Joe Biden Needs to Do More Than Bash Donald Trump
The Punch and Judy show that Joe Biden and Donald Trump put on in Iowa on Tuesday was gold for social media and cable ratings—in terms of genuine news value and substance, not so much. Biden asserted that Trump represents a “fundamental threat” to the values, international standing, and democratic system of the United States, a truth that has been stated many times before. Trump called Biden “Sleepy Joe” and suggested that he was mentally weak. (For more on the back-and-forth, read the post by my colleague Eric Lach.)
The campaign theatre served both men’s immediate purposes. Trump views politics as prizefighting. During recent briefings about his 2020 reëlection campaign, he seemed distracted and tried to change the subject, the Times reports. The challenge from Biden, the former Vice-President, gives him something to focus on—and someone to attack. As for Biden, his campaign is largely based on the perception that he is the Democrat best placed to defeat Trump. It makes sense for Biden to go after Trump early and portray 2020 as a referendum on a rogue President. Such a framing plays to Biden’s strength in the early polls and, to some extent, it sidelines the other Democratic candidates.
But attacking the President, as much as it’s necessary, isn’t enough. Going forward, Biden also needs to explain how he would address the underlying problems that have disfigured American democracy and given a mountebank like Trump his chance: an alarmingly lopsided economy and an increasingly paralyzed political system. Making that case might help Biden inoculate himself against charges, coming from the Bernie Sanders-Elizabeth Warren wing of the Democratic Party, that he is an out-of-touch centrist. More importantly, it would demonstrate that Biden understands that the challenges facing the United States go far beyond one man, however loathsome he may be.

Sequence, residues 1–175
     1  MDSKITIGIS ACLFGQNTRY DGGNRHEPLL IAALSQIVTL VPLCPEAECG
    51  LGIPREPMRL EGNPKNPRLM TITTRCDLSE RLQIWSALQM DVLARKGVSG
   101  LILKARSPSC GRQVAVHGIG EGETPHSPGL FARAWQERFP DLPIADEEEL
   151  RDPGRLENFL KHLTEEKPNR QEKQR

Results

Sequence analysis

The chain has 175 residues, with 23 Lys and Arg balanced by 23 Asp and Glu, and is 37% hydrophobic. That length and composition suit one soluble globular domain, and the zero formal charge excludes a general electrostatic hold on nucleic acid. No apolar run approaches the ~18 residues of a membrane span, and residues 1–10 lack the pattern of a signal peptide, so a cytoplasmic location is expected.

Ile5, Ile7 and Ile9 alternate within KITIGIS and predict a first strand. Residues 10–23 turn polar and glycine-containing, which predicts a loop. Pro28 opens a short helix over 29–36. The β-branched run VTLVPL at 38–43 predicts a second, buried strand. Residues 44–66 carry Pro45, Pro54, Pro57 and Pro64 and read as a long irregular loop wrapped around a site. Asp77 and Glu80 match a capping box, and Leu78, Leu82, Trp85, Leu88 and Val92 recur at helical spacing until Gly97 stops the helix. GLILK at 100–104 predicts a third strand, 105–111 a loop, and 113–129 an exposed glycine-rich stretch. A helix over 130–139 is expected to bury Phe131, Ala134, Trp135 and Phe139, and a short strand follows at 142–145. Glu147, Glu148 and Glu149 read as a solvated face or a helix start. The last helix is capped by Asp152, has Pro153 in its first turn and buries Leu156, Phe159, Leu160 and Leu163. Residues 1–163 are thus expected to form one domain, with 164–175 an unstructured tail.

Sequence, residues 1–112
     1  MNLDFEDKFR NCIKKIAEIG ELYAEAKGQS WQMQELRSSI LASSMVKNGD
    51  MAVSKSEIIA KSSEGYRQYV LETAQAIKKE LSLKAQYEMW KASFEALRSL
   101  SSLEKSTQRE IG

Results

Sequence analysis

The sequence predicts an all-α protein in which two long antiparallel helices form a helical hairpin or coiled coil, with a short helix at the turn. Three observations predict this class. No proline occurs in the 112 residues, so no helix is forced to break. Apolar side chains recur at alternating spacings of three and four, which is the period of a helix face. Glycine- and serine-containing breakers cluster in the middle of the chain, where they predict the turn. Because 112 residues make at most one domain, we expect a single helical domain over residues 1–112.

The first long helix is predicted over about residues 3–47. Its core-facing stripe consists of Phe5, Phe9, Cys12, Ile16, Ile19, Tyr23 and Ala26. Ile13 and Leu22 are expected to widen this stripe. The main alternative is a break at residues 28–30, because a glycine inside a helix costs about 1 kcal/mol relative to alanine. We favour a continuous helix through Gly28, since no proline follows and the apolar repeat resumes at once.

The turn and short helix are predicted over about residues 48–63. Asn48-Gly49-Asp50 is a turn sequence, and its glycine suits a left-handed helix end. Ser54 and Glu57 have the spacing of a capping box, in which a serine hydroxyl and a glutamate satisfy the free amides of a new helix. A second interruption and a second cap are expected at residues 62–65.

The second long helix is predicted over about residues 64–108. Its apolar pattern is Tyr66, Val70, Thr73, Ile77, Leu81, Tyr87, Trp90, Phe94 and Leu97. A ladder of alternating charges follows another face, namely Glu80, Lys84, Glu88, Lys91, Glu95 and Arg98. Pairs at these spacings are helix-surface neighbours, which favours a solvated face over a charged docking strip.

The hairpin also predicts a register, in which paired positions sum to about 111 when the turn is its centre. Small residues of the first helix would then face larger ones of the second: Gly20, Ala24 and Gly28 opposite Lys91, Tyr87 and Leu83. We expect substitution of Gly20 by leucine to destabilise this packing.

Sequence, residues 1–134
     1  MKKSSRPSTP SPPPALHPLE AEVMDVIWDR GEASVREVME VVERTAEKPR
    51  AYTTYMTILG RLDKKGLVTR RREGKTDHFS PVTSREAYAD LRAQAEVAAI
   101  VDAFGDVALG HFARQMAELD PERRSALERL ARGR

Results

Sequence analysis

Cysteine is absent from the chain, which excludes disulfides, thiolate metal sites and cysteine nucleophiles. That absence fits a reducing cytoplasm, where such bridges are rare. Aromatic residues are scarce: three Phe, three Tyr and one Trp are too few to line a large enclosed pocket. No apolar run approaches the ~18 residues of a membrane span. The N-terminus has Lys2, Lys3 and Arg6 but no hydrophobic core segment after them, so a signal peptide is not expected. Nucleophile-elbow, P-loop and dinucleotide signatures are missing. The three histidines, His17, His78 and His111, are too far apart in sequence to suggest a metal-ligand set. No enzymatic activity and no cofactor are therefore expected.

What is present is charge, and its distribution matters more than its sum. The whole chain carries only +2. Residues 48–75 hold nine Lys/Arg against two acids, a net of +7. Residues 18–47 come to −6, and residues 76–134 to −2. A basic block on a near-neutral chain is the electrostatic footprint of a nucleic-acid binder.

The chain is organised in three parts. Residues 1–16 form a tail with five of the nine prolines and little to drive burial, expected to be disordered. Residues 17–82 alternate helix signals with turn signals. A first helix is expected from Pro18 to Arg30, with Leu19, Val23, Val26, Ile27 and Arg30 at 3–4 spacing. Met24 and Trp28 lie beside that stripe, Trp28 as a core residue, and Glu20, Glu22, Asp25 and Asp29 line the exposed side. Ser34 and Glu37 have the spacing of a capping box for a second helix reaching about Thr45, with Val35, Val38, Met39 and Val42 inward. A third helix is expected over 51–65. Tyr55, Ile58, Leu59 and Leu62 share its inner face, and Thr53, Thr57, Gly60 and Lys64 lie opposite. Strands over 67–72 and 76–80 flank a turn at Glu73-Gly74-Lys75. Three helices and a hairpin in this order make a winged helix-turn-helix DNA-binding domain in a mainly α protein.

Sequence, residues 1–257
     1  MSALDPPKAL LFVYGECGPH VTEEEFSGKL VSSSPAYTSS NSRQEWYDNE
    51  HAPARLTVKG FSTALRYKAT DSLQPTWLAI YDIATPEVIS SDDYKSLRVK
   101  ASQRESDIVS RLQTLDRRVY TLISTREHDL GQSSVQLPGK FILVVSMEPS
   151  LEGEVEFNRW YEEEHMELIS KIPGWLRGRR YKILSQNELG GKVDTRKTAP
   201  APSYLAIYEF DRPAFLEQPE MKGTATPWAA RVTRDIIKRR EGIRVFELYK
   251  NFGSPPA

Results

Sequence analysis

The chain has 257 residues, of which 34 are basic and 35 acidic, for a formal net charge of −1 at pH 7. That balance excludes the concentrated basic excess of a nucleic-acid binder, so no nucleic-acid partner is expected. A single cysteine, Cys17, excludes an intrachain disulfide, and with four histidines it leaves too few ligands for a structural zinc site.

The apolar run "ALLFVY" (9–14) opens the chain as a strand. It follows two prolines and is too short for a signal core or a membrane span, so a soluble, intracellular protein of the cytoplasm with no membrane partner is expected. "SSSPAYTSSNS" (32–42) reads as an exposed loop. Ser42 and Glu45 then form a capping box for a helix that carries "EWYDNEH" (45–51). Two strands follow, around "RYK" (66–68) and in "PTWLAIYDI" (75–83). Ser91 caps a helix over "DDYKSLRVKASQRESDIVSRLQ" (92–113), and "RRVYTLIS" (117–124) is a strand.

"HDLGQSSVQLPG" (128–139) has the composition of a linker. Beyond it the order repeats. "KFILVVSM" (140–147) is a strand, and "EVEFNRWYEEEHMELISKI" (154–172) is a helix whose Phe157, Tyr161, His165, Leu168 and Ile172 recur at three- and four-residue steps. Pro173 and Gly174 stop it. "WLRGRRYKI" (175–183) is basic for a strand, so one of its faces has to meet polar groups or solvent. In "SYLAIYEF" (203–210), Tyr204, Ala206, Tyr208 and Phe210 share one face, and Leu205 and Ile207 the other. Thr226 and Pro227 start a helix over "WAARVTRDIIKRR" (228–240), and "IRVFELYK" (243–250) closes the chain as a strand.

While Biden and Trump were in Iowa, I spent a bit of time with an invaluable resource that is now available on the Federal Reserve’s Web site: a set of Distributional Financial Accounts that provide detailed quarterly estimates of U.S. household wealth going back to 1989—two years after Biden launched his first Presidential campaign. These accounts show an alarming economic chasm that has grown wider and wider during the past three decades.
America has always been an inequitable place, of course. At the end of 1989, the richest one per cent of households had an over-all net worth—assets minus debts—of $4.83 trillion, while the entire bottom fifty per cent had a net worth of $0.77 trillion. That was a gaping divide, to be sure, but it pales next to the current one. At the end of 2018, the net worth of the top one per cent was $30.37 trillion; the net worth of the bottom fifty per cent was $1.17 trillion. Over the past three decades, the ratio between the two figures—a rough-and-ready measure of how fairly the economic spoils are being divided—has gone from about six to one to roughly twenty-six to one.
Biden, who has long positioned himself as a tribune of ordinary working families, is well aware of the surge in inequality and who has benefited from it. “This country wasn’t built by Wall Street bankers and C.E.O.s and hedge-fund managers,” he said in the speech that launched his campaign. “It was built by you—the great American middle class.” He has also promised to take some remedial actions. “When I’m President we’re going to have a fairer tax code,” he said in Iowa on Tuesday. “We’re going to get rid of hundreds of billions of dollars in tax loopholes that have no economic or societal rationale. We’re going to build an economy that doesn’t just reward wealth; we’re going to build an economy that rewards work. We’re going to build an economy that works for everyone.”